Create a Killer Resume and Cover Letter

10 Overused Resume Buzzwords

Resume Buzzwords

Writing your resume or your LinkedIn profile is always going to be difficult, but far too many of us are falling prey to cliché buzzwords in an attempt to sell ourselves. These overused words and phrases are bound to hinder rather than help so we’ve listed 10 of the worst culprits for you to avoid.

Great Communication Skills

Possibly one of the most pointless points to make in regards to finding a job – prospective employers will expect you to able to conduct a conversation. Rather than using this phrase, give examples of your communication skills (unless you have a speech disability,  in which case you should probably let them know).

Problem Solving

Stating that you are an apt problem solver is, again, a pretty pointless waste of characters. A prospective employer will generally expect you to be able to solve a work-related problem without turning into a quivering mess.


If you feel need to tell a prospective employer that you are ‘motivated’ or ‘self-motivated’ you’ll need to go into a little more detail. Simply stating you are motivated doesn’t suggest anything more in depth than the fact that you are willing to get out of bed in the morning.

Hard Working

This isn’t a statement that will see your resume moved into the ‘yes pile’ – if you think you’re hard working, prove it! Give details of past projects and tight deadlines that required extra effort on your part.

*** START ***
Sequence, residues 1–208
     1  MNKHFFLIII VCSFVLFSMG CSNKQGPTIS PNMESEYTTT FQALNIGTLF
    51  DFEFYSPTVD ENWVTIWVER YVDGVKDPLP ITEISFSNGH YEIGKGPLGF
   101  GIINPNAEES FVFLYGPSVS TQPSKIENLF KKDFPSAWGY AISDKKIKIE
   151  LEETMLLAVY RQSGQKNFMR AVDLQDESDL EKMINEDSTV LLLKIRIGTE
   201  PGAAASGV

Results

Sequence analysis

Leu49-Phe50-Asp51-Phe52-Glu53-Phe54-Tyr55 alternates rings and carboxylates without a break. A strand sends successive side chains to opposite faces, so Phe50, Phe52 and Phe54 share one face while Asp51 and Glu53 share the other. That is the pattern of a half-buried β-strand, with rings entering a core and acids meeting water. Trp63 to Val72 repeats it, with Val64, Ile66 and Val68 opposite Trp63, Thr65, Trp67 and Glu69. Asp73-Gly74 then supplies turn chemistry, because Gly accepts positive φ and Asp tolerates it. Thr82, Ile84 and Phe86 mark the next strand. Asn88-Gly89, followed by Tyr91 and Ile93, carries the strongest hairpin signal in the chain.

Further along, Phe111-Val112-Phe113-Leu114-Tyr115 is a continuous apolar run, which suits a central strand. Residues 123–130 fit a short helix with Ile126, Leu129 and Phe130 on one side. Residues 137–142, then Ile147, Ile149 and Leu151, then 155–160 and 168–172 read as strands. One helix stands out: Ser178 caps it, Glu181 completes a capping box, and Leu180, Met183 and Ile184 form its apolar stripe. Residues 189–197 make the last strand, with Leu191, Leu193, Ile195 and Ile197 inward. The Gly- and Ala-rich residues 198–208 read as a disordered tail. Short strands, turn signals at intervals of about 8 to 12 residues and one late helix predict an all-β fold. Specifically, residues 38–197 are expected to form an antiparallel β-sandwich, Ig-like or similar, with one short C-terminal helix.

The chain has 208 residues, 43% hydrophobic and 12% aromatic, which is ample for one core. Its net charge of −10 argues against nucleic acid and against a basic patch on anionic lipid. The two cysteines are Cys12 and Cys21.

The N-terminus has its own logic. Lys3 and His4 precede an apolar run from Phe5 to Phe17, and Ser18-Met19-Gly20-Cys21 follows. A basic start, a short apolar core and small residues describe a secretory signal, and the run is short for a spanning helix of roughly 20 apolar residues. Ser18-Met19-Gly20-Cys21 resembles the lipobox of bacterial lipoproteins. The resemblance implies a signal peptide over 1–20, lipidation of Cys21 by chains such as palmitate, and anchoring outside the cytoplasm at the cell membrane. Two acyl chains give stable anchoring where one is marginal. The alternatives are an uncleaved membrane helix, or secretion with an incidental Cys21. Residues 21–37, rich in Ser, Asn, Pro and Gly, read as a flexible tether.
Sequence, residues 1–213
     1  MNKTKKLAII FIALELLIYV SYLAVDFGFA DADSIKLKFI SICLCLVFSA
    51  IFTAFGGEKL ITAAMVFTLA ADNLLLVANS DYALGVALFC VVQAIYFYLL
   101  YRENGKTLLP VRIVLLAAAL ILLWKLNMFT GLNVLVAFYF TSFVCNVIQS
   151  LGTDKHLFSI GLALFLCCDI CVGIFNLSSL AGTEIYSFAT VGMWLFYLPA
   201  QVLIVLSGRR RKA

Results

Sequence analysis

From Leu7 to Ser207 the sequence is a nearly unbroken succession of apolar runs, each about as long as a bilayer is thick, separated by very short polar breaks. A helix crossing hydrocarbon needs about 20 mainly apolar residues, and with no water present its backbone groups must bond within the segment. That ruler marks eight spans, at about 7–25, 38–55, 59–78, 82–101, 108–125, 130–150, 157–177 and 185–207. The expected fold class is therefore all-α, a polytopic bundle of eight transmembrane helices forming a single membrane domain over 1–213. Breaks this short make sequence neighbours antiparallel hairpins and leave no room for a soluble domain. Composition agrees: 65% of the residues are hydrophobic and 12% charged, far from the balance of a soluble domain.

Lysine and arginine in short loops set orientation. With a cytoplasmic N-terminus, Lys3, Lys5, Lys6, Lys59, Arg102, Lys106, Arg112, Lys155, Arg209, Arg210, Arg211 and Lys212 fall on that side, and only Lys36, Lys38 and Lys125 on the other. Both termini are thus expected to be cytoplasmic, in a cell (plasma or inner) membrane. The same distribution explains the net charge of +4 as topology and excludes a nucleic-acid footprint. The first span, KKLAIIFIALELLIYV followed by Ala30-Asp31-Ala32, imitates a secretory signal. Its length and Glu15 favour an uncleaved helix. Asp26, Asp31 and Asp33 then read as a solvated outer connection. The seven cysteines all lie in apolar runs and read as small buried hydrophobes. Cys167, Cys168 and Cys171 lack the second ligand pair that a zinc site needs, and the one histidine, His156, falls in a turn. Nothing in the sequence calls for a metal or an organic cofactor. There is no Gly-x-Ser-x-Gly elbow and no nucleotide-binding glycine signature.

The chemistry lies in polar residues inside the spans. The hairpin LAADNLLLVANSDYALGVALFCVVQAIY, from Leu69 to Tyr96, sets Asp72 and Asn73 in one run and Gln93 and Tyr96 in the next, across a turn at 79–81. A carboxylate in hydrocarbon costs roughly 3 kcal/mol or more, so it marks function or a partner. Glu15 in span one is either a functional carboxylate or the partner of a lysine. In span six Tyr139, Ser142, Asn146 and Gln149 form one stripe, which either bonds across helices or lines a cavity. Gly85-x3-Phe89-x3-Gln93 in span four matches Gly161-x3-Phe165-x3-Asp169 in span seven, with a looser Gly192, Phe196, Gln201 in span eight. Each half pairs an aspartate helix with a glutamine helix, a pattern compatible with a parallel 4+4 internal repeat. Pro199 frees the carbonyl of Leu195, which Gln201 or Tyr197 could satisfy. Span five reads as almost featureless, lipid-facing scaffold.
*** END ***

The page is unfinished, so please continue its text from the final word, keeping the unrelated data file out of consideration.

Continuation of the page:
Track Record

Stating that you have a ‘track record’ of something isn’t enough to persuade an employer to consider you – avoid this phrase and instead focus on details. Your resume acts as a track record anyway. The same goes for stating you have ‘extensive experience’.


Whether or not this word is appropriate to use really depends on what type of job you are applying for – but overall you’d expect anyone applying for a job to be capable of organizing themselves. I mean, can you tie your shoes?


Shy away from stating that you are creative, this, along with other adjectives are completely empty without proof – use words that are specific to the job you are applying for and, again, give examples.

Team Player

Avoid stating that you are a team player; instead, give examples of how you have worked successfully with colleagues in the past. Outline details of collaborative projects and how your role in the task aided others and produced a final result.

Strong Work Ethic

Right, and this sets you apart from other prospects how exactly? Set yourself apart by avoiding this phrase and instead offer examples of how you have succeeded in the past – have you gone the extra mile? If yes, then shout about it.

References Available on Request

Prospective employers aren’t going to think twice about asking for references if they want them – you might as well delete this line from your resume completely.

Get rid of the fluff and get to the point if you want to be noticed!

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